We also created another company called MaxDecisions which is an AI machine learning, algorithm team to help other lenders in the United States to do better in pricing, underwriting, fraud detection and portfolio management so we have 20 active companies who we’re working with, large and small, not going to disclose who we work with, but there’s a lot of people that need our help. We have about ten people that are all Ph.D. statisticians and Ph.D. mathematicians to help all lenders to figure out what they can improve upon, again, whether in fraud, credit risk or pricing.
The main, my baby, if you will, is Kuber Financial, it is an online lending or finance company where we have multiple products. The product we’re launching I’m really proud of is this product called Fluid. I’ve been thinking about this product long and hard; what is one product that is new in terms of business structure product offering and do good at the end of the day. So Fluid is what we’re pitching here at LendIt and we’re so fortunate to be picked as one of the finalists for the PitchIt competition. Any fintech entrepreneurs out there, I hope that’s your ultimate goal, at least for the first couple of years of your journey.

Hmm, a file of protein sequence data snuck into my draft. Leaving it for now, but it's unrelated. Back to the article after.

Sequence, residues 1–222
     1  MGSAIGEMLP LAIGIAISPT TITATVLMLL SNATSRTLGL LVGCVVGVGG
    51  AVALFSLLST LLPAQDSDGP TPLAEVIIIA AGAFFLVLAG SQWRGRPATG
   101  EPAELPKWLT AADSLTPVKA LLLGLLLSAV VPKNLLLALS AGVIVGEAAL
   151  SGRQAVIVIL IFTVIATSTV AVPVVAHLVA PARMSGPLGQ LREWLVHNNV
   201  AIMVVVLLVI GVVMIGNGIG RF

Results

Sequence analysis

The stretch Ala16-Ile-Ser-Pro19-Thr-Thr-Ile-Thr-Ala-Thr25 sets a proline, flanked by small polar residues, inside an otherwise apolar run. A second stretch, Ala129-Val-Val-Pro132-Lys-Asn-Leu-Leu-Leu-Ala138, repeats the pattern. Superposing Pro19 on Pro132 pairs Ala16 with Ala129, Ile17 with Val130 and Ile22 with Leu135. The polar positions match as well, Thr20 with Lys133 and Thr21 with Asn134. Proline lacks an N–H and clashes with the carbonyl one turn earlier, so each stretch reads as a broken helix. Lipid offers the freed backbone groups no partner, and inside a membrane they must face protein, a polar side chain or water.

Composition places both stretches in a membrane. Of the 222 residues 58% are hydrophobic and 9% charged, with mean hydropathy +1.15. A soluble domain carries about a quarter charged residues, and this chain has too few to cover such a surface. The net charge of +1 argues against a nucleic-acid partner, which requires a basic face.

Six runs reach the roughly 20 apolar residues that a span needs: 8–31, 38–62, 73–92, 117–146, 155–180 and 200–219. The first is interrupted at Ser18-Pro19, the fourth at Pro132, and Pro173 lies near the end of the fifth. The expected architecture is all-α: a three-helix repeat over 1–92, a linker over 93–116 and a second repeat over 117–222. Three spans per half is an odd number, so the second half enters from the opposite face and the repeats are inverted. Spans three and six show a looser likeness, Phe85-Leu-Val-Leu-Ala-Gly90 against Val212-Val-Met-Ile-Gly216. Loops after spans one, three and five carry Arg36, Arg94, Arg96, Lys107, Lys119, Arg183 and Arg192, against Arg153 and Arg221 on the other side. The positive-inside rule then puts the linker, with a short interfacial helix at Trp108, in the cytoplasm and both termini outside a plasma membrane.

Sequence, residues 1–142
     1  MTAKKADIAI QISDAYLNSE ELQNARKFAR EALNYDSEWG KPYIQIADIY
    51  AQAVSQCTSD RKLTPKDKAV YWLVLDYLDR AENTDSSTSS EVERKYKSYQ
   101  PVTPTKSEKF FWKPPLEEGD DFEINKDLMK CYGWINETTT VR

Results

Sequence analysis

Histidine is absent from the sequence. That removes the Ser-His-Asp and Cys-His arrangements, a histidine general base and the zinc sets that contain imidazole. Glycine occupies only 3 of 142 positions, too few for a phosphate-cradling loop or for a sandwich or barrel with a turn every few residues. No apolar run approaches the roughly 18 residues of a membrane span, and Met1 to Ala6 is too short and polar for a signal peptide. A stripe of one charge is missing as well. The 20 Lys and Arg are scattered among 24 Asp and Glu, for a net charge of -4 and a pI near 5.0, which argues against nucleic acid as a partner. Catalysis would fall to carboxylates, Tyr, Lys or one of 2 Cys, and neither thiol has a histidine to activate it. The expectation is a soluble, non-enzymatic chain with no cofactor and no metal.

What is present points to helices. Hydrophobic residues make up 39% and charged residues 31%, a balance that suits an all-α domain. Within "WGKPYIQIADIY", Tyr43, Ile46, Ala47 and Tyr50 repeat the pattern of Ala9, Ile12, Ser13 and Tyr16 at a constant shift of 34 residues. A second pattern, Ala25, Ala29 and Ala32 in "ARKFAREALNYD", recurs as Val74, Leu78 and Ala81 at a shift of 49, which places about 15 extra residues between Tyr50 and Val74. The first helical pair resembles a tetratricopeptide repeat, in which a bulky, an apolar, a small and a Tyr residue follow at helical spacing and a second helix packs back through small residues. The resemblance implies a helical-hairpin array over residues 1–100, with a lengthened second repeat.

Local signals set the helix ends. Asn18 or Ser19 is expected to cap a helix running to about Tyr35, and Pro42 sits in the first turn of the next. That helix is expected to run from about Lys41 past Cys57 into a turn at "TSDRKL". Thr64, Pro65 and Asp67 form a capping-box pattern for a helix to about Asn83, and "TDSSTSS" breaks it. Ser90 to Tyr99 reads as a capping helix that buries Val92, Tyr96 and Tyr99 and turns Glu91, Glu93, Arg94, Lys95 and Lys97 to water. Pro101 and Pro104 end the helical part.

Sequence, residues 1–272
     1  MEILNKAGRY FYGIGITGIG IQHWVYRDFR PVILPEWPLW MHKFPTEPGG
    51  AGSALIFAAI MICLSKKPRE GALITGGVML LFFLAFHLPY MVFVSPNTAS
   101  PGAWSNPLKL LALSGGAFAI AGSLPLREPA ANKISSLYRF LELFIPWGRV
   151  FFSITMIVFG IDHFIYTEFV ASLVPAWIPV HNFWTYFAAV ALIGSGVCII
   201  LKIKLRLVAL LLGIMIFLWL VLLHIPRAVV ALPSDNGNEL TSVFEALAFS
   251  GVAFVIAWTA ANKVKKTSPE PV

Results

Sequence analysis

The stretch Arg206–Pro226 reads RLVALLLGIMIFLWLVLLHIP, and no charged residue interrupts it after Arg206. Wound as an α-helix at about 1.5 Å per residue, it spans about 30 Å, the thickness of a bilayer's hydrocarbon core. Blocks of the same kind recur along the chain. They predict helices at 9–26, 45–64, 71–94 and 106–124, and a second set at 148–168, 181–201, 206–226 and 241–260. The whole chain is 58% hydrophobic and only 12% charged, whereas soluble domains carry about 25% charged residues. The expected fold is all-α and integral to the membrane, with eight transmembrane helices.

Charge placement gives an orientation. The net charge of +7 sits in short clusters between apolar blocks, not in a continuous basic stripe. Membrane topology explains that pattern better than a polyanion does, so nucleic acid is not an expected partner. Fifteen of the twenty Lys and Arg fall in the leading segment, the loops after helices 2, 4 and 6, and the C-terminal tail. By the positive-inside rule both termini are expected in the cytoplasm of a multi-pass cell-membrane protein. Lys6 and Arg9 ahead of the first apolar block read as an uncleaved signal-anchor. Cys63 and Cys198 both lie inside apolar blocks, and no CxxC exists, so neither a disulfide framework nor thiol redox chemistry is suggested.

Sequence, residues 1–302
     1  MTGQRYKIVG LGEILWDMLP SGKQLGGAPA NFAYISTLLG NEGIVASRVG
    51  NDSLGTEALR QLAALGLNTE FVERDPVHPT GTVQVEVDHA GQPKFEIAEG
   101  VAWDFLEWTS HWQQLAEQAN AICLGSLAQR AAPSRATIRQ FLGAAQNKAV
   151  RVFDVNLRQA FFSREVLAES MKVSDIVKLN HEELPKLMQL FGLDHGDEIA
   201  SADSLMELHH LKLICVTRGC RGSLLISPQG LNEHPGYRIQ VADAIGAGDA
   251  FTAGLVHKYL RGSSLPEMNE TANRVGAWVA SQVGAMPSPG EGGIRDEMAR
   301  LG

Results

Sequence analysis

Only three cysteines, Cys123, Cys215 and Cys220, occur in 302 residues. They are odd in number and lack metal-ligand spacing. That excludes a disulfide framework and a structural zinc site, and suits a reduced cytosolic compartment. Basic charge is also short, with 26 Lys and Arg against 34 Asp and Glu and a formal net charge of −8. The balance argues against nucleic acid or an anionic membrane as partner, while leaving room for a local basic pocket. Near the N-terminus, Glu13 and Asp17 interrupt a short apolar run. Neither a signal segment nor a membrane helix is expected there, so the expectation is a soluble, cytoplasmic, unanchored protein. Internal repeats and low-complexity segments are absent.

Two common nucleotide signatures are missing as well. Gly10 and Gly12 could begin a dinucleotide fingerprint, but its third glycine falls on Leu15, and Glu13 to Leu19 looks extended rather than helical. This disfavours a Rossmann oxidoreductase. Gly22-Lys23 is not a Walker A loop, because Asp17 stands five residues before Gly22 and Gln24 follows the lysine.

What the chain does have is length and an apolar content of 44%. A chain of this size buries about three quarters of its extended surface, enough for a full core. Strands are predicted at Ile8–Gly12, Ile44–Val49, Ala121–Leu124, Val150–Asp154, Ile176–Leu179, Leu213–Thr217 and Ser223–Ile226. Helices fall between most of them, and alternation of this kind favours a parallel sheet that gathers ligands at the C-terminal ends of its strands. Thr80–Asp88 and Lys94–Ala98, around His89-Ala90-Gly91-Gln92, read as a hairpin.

Peter: Okay, so then why don’t you describe Fluid a little bit and why you decided to start it and what problem you’re trying to solve.
Tim: Yeah, this actually goes back to my presentation at CreditEase in Beijing I think it was. Last year I was here exactly the same time last year and I was trying to figure out what I was going to do next, I was just coming off of a pretty intense build with a crowdfunding platform that I mentioned earlier and I thought about it for two hard months. The LendIt China trip that I took last year was very eye opening. In fact, my body went through a shock after the journey…I told my friend after I got back from Shanghai, I said, well, the Chinese in terms of innovation is about ten years ahead of us, by my measure, but US is ten years ahead of them in terms of regulations and compliance. There’s pros and cons of that statement so long story short, I think everything that I was thinking about building, the Chinese platforms have already built. There’s nothing really I can sink my teeth into. If I look at home it’s somewhat saturated as well; there’s a lot of large players out there in the personal, SME, factoring line which is kind of what I know.